Cryptoasset crackdown: Government proposals to bring cryptoasset promotion within the scope of the financial promotion regime


HM Treasury's latest consultation on bringing cryptoasset promotion within the scope of the financial promotion regime seeks to find the delicate balance of protecting consumers without stifling innovation. 

The proposed changes would add fungible and transferable cryptoassets to the list of controlled investments under the Financial Services and Markets Act 2000 (Financial Promotion) Order 2005 (SI 2005/1529) (FPO) and will require amendments to some of the existing controlled activities. 

The deadline to respond to the consultation is 25 October 2020. 


In their October 2018 report,  the Cryptoassets Taskforce's (comprising of the Bank of England, FCA and HM Tresaury) identified three areas of risk as a priority for the authorities to take action: 

  • consumer protection; 
  • market integrity; and 
  • financial crime.  

Following the publication of the report, HM Treasury committed to consulting on whether the FPO should be extended to cryptoassets that have comparable features to specified investments but currently fall outside its perimeter. 


The new consultation aims to enhance consumer protection by expanding the perimeter of the financial promotion regime to include cryptoassets whilst the government considers how to respond to the broader challenges of cryptoasset regulation.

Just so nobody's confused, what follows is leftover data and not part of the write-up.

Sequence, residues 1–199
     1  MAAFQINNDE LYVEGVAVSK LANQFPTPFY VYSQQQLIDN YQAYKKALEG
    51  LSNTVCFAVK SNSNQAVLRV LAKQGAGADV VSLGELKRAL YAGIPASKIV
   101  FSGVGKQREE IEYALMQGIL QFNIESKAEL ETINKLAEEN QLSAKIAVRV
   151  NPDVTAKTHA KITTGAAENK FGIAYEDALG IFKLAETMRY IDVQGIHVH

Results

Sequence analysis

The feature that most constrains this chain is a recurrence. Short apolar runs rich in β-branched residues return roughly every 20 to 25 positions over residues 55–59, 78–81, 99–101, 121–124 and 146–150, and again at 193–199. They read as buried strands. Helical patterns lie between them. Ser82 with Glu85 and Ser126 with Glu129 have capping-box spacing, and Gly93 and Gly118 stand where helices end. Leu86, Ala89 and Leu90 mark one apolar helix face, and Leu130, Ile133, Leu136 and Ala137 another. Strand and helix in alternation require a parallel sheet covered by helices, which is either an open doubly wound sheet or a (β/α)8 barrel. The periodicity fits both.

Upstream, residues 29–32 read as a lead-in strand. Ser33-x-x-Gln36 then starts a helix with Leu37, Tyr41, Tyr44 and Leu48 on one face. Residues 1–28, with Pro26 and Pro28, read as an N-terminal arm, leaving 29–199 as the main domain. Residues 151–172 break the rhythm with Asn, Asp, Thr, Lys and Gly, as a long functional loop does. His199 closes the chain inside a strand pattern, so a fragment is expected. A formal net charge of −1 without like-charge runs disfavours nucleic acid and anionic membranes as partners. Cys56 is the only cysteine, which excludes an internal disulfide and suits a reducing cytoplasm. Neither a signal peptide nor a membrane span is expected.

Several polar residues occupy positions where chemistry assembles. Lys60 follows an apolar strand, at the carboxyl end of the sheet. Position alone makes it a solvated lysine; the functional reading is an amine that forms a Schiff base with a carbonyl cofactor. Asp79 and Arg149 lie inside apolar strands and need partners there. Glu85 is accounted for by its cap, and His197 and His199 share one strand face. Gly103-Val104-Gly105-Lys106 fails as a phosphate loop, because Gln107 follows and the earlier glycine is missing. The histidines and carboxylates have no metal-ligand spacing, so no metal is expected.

However, the government is wary of of stifling innovation in the cryptoasset sector without a proportionate benefit to consumer protection and has designed the proposed policy changes accordingly. 

Proposed Changes 

Qualifying cryptoassets

The government proposes to include certain unregulated cryptoassets in the list of controlled investments and amend a number of the current controlled activities. This will require the FPO to be amended. 

The unregulated cryptoassets to be covered by the FPO as controlled investments (the "qualifying cryptoassets") will include only those that are both fungible and transferable. 

The government considers that the controlled activities most relevant to cryptoassets are:

  • dealing in securities and contractually based investments
  • arranging deals in investments
  • managing investments
  • advising on investments
  • agreeing to carry on specified kinds of activity. 

The government will therefore amend these controlled activities so that they incorporate activities in relation to the buying, selling, subscribing for or underwriting of qualifying cryptoassets.  


The government expects exemptions for qualifying cryptoassets to be generally consistent with the approach taken to exemptions for other controlled investments.

However, the government is also proposing to add the following exemption to the FPO: 

“The financial promotion restriction does not apply to any communication which merely states that a person is willing to accept or to offer qualifying cryptoassets in consideration for the supply of goods or services.”

This will ensure that vendors merely offering to accept cryptoassets in exchange for their goods or services, and buyers merely offering cryptoassets to pay for goods or services, in the same manner as they would accept pound sterling payments, are not captured under the regime. 

Next Steps 

HM Treasury is seeking stakeholders views on 16 questions, including an impact assessment. You can respond here until 25 October 2020. 

If the government proceeds with the FPO amendments, there will be no transitional period before they come into force. 

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